Seasquirts: Rocky Seabed
If you have ever handled a rope on which sea squirts are growing you will know how they get their name. Out of water they look like boring lumps of slimy jelly, but there is a lot more to them rthan that. Each squirt has two pipes or syphons - one sucks water into the animal where it is strained to extract the food, and the other expels the strained water.
Sea suirts have complex organs including a well developed digestive system, and most surprising of all they share 80% of our genes! Sea squirt larvae have a sort of backbone, which makes them close relatives of vertebrates.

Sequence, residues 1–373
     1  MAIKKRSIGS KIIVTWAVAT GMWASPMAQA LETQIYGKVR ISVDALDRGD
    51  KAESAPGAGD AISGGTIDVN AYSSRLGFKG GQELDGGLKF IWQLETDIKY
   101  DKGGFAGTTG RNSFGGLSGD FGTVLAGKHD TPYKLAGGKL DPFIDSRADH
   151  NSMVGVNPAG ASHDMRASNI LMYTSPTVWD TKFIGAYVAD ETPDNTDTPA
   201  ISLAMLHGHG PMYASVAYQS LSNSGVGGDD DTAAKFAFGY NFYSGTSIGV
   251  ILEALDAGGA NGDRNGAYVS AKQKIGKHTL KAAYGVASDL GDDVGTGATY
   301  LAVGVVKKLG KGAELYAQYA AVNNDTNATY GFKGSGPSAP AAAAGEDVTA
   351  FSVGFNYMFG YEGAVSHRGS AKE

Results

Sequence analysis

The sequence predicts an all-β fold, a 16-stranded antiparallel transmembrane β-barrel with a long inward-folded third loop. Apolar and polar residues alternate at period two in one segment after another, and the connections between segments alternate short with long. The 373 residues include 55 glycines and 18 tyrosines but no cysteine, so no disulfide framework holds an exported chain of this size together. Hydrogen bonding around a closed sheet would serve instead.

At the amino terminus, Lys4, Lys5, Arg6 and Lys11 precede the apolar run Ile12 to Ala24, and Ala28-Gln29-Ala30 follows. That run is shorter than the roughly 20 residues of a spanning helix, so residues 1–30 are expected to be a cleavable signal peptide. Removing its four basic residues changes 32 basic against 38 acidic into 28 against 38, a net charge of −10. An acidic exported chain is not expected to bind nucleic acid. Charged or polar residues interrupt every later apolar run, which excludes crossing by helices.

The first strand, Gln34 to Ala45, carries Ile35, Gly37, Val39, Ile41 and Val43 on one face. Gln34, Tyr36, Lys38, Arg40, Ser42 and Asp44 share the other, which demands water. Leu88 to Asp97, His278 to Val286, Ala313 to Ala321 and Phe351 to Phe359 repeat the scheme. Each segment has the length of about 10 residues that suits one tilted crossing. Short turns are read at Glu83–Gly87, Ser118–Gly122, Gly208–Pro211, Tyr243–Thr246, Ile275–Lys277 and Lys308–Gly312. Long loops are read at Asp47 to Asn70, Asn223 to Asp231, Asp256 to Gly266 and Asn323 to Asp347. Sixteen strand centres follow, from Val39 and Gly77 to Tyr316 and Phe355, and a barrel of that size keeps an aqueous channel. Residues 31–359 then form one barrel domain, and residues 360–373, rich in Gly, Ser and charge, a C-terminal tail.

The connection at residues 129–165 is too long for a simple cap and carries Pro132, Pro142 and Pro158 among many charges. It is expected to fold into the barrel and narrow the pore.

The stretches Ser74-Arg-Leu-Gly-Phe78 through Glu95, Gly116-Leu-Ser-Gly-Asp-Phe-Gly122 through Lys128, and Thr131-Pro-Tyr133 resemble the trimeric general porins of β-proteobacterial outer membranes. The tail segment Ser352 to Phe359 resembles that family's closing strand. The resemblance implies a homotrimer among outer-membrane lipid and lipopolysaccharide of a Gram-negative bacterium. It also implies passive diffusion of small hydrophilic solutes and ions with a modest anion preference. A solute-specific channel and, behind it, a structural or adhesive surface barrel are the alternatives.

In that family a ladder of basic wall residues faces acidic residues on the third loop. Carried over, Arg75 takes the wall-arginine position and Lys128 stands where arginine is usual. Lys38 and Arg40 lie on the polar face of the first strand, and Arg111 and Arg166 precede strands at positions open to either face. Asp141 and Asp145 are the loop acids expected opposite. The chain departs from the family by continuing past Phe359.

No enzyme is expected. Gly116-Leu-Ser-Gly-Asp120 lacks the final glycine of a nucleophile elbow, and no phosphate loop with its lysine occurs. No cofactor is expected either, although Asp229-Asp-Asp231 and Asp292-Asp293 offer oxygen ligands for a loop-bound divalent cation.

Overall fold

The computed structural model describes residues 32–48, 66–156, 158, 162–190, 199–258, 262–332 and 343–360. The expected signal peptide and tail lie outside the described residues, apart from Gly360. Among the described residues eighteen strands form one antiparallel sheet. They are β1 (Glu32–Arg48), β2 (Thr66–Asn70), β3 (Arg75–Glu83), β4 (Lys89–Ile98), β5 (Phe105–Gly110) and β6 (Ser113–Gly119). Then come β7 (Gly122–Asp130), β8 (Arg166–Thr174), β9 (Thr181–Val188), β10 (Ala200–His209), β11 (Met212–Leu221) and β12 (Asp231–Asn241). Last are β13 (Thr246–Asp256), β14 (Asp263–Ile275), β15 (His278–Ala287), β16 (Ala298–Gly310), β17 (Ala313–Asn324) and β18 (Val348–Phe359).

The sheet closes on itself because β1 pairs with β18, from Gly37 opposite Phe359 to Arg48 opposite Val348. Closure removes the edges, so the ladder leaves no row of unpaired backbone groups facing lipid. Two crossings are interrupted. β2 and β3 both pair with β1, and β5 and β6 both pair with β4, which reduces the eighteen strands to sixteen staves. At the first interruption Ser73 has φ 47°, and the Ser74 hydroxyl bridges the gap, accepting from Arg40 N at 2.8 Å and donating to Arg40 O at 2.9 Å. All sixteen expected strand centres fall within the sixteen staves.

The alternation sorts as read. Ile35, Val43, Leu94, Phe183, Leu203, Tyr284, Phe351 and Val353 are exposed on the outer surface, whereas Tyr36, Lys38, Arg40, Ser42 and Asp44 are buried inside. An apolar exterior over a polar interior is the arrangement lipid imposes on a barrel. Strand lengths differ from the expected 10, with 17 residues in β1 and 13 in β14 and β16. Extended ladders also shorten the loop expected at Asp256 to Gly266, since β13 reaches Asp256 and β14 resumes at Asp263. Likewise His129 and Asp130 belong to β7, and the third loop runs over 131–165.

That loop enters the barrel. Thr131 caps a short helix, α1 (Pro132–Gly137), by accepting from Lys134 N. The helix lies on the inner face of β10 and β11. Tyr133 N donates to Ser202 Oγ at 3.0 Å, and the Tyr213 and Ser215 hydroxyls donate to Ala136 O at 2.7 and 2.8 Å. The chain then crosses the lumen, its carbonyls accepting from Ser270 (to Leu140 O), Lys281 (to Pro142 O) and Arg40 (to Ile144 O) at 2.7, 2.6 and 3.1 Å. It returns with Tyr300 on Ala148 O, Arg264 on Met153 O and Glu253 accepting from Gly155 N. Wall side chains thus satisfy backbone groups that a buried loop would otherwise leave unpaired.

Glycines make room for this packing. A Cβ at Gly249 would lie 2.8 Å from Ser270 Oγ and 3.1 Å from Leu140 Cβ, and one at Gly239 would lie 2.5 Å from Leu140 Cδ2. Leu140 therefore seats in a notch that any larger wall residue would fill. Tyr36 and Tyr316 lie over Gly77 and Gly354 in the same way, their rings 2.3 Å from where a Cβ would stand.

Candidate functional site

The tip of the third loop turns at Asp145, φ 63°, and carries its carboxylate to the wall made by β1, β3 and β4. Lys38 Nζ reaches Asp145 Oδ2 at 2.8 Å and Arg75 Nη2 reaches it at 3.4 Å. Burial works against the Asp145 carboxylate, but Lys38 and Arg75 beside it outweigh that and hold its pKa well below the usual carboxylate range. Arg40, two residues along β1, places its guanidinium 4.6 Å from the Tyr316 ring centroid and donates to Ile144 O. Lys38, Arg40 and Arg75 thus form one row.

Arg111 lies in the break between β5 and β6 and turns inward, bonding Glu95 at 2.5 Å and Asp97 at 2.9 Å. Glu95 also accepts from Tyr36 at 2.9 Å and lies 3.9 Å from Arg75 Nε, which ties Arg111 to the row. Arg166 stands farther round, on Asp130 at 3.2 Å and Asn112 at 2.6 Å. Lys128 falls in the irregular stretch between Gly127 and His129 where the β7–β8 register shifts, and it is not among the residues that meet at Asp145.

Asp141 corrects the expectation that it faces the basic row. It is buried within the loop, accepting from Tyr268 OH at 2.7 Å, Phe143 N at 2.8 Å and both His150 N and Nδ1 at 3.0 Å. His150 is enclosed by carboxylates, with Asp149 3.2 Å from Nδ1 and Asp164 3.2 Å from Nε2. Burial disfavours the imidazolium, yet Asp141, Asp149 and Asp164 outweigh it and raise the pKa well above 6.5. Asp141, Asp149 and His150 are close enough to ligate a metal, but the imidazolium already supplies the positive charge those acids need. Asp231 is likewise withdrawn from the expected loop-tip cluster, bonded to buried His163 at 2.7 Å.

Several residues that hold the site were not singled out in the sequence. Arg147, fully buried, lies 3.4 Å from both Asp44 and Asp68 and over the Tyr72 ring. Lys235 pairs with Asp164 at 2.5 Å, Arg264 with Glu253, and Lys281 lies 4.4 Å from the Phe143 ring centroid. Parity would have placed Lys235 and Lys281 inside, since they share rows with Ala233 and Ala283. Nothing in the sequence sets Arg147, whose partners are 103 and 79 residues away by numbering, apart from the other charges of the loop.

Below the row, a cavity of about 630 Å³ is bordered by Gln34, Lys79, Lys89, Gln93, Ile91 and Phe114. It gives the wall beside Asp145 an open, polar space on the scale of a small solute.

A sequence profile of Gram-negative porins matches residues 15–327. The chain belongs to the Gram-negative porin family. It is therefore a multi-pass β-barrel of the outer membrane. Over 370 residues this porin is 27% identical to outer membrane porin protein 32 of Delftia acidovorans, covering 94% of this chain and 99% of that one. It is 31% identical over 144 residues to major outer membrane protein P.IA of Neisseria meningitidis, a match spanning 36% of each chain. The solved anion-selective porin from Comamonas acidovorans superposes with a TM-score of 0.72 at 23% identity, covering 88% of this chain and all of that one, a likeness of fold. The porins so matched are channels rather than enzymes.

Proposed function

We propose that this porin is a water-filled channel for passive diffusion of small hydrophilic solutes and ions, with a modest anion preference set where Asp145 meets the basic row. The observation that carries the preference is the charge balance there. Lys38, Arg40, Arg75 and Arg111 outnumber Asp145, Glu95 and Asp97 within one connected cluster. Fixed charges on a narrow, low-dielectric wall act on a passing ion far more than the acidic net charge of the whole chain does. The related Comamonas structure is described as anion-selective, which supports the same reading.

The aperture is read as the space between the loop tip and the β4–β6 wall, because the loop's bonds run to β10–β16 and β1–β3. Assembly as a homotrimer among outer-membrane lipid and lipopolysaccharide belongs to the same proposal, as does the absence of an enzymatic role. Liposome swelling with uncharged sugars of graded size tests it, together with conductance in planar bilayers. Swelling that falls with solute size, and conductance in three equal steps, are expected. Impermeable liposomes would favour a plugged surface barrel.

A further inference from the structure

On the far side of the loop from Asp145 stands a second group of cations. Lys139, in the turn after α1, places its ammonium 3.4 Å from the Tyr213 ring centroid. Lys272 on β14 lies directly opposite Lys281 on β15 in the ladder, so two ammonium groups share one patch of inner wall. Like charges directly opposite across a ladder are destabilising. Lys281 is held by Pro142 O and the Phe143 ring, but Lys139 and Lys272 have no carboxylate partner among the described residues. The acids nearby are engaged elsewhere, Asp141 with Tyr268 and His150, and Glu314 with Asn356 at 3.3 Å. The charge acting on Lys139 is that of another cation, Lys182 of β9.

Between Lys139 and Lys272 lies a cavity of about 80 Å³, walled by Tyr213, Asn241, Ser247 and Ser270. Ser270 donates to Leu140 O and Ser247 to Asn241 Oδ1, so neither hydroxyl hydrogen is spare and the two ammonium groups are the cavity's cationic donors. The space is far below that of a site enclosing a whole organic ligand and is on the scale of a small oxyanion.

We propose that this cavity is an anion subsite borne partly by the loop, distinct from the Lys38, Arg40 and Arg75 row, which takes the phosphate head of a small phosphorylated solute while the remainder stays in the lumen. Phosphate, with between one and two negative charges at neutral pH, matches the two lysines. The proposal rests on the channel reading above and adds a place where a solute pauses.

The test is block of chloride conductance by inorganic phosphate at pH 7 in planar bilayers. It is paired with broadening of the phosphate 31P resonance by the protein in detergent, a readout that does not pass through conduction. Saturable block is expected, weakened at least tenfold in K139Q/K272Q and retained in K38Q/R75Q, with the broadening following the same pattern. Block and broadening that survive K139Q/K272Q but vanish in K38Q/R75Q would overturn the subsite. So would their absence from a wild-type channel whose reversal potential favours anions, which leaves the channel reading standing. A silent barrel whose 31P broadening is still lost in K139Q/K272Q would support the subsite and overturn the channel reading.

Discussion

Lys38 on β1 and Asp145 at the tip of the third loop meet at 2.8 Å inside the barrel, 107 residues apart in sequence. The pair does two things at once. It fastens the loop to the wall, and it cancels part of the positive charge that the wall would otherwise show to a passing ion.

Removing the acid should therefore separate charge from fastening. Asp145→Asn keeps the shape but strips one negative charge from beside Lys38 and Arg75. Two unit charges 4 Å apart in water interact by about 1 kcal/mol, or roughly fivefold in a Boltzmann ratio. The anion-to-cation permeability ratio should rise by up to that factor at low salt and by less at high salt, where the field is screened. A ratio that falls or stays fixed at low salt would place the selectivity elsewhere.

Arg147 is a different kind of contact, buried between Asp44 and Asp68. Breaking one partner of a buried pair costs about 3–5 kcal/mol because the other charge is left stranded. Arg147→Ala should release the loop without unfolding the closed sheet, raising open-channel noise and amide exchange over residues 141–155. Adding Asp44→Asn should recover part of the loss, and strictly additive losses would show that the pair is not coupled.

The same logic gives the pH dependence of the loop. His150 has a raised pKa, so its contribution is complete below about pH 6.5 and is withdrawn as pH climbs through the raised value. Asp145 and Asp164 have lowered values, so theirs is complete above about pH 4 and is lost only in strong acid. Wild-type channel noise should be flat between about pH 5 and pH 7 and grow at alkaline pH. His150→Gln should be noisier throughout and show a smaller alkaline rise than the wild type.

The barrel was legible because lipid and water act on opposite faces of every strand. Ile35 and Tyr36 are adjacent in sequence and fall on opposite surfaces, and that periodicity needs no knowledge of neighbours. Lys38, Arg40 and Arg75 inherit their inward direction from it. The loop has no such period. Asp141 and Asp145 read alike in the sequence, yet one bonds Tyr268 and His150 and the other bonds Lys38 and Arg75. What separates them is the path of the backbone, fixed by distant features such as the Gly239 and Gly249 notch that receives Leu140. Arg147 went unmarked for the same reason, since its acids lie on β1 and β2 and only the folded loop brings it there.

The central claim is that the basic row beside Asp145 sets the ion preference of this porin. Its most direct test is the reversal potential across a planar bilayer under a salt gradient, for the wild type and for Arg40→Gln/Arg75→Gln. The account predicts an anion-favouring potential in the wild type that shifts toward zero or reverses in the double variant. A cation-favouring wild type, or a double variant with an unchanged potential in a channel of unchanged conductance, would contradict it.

Most sea squirts grow as individual animals attached to a rock or other hard surface, but some grow in colonies, often forming sheets with flower-like patterns.
Lightbulb Seasquirt (Photo: Paul Tyler)
The light bulb seasquirt occurs in small colonies. They also glow in the dark!
Colonial Seasquirts (Photo: Sue Scott)
A close-up of 2 different kinds of colonial seasquirts. Each ‘petal’ in the flower-like pattern is in fact a single sea squirt. Colonies of these spread across flat surfaces on the seabed
Pink Seasquirts (Photo: Paul Tyler)
Many sea squirts are solitary animals. You can clearly see the 2 syphons in this pink sea squirt - one to suck food-laden water in, the other to exhale it after straining out the food.
by Paul Tyler